Wills and Estates

At Karsner & Meehan, P.C., we help you organize and confront the decisions that will make things easier for your family and those you wish to benefit at the time of your death. Some estate planning choices will affect your affairs during your life. For example, besides your Will, legal authority can be assigned through a well-planned Power of Attorney, a Health Care Proxy, and a Living Will. All are designed to make transfers easier when you are personally not able to accomplish them.

Think: it’s all about “Me.”

As professional attorneys, we too often see the results of failure to provide for the inevitable. By nature, people have a tendency to avoid these uncomfortable topics, and don’t want to face the “What Ifs.” Addressing your concerns, and putting your plan into action doesn’t have to be uncomfortable. The attorney-client privilege governs at all times, and we understand the complications of family life. You decide whether you want particular family members to be present for our office conferences about your wishes. Your wishes govern your estate planning when you create the right documents.

Think: Who will handle my legal, financial, and medical affairs if I can’t?

There are documents that can put your mind at ease, and your decisions to action, for use during your lifetime. Your Last Will, of course, only comes into effect upon your death and once admitted to probate by the Court. Often, during your lifetime a need arises for assistance with legal, financial, and medical decision-making. Certain documents can be a great assist to your family or loved ones during those times, and more important, not having those documents can create unnecessary turmoil. Such documents as a Power of Attorney and a Health Care Proxy are important tools to simplify handling your affairs while you are not able. It is important not only to make these decisions but to create the valid documents while you are able to do so. Your family will thank you. Our attorneys are experienced at assisting you with these planning tools.

The importance of these documents is increasingly visible in news stories across the country. Interestingly, the use of these documents can spare you and your family the likelihood of being splashed across the national media in times of family crisis! We prefer our 15 minutes of fame to be on another topic.

In today’s world of blended families and non-custodial relationships, we can help you to protect your minor children, grandchildren, and your assets during your lifetime; to clearly direct your assets to those whom you wish to benefit, and to keep those assets under the control of persons you choose, whom you trust. That straightforwardness is our goal in creating your estate planning documents.

Why do I need a will?

Knowing who is entitled to share in your estate, and whether and how you can alter the state law on that issue, Karsner & Meehan, P.C. can help you review your estate plan, or create one to meet your wishes. Contact us today.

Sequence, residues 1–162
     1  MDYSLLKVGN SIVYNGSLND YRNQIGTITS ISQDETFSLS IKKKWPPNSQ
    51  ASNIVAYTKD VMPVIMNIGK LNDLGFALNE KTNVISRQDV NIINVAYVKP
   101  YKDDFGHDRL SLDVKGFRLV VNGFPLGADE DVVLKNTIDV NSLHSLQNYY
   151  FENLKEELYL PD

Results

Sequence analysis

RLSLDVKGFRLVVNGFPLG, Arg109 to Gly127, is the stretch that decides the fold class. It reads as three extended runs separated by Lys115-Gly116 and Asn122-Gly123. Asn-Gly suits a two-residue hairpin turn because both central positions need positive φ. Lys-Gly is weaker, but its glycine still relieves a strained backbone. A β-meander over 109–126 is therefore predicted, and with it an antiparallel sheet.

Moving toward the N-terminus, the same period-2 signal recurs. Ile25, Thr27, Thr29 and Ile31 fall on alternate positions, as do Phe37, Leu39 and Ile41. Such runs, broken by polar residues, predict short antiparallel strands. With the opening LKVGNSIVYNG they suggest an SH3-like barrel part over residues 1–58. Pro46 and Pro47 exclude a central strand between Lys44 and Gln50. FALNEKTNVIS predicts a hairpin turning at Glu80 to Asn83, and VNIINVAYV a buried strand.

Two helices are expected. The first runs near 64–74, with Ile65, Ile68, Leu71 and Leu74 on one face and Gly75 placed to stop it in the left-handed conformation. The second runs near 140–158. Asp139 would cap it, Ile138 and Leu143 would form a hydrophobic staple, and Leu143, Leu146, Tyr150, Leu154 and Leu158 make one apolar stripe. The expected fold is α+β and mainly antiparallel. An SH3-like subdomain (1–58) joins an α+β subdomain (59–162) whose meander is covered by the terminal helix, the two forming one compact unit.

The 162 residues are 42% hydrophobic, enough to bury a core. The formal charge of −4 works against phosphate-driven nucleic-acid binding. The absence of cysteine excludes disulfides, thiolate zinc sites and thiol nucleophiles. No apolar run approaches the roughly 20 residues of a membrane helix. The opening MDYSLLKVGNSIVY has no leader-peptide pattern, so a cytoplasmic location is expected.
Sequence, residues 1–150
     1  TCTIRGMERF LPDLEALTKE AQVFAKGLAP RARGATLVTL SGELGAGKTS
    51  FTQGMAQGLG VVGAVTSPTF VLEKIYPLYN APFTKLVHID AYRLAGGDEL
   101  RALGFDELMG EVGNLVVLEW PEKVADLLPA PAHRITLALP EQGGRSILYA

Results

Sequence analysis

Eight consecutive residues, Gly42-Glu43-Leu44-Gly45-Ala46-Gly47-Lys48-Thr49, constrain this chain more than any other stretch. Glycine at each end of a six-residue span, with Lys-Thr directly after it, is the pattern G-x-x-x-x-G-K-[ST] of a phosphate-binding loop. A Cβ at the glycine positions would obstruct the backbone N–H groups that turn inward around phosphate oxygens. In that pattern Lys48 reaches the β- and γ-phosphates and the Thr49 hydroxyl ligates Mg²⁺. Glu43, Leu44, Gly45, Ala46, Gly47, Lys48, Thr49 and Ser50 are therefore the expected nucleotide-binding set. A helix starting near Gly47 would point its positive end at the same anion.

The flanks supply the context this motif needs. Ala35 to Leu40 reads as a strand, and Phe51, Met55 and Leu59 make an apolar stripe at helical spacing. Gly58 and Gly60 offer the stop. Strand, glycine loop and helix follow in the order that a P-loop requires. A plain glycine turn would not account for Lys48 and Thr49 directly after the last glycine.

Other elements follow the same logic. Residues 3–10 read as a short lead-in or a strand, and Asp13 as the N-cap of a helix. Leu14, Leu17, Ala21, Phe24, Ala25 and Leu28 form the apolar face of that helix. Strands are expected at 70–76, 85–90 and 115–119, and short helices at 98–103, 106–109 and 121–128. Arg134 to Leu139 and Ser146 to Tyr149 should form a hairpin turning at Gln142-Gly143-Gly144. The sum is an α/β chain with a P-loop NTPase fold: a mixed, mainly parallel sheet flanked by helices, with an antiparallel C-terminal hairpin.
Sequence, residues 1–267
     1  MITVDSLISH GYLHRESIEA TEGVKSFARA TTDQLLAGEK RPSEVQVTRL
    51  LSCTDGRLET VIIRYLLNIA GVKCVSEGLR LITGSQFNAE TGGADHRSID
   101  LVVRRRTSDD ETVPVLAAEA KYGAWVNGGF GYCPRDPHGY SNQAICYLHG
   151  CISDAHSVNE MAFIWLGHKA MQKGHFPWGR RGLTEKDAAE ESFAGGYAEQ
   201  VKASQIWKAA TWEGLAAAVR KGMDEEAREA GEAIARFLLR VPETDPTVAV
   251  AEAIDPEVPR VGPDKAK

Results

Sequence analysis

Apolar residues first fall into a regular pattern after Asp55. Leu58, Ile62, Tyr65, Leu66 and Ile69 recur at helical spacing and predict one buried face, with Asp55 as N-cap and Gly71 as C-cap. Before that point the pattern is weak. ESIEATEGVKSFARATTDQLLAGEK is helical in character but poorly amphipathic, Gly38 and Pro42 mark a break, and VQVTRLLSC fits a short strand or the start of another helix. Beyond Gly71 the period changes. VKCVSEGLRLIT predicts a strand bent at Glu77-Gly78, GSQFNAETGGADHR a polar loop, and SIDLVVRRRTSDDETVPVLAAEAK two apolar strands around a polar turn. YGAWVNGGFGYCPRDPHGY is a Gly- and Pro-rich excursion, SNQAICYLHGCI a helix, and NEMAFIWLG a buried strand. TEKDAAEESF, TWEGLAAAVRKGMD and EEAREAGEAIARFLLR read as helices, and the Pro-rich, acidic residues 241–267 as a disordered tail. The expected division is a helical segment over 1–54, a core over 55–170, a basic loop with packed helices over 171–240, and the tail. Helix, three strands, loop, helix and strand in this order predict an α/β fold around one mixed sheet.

We can help you organize and plan for life’s uncertainties. What if something happened to me? Who would take care of things? My spouse? My parents? My child?

At Karsner & Meehan, we want you to think through the specifics of these “What Ifs.” Here are some guidelines to help you get your plans in order. Discuss these with your family, then your attorney. Consider different alternatives we may suggest, until you are confident that you understand the options enough to choose the right ones for your needs at this time.

  • Whom do you want to benefit - or not?

  • Who will be your “estate manager,” or personal representative?

  • How do you feel about prolonging your life and funeral plans?
Who are the people you want to benefit or avoid?

Sometimes this is an easy one, sometimes not! You need to also be aware who the law requires you to address in your will, and how your estate will pass under new Massachusetts law (Massachusetts Uniform Probate Code, or MUPC, went into effect for estates on March 31, 2012) if you do not have a will. Often your beneficiaries may require special handling due to age, whether young or old; government benefit eligibility; particular habits that concern you such as poor financial skills, gambling habits, or drug or alcohol abuse. Sometimes you need to make sure property that you leave to a minor goes to the custody of someone who can handle the money properly - not always their parent. We can suggest approaches to handle such delicate situations. Of course, as legal professionals, your information is received in confidence.

Who will be your personal representatives?

In setting up your estate plan, you need to identify a few trusted individuals who can carry out your wishes, based on your estate plan, when you aren’t around or able to do that. Here are some of those individuals:

  • Personal Representative or Executor. The person who carries out the instructions of your will.
  • Attorney-in-Fact. The person with legal and financial authority in your absence or unavailability during your lifetime.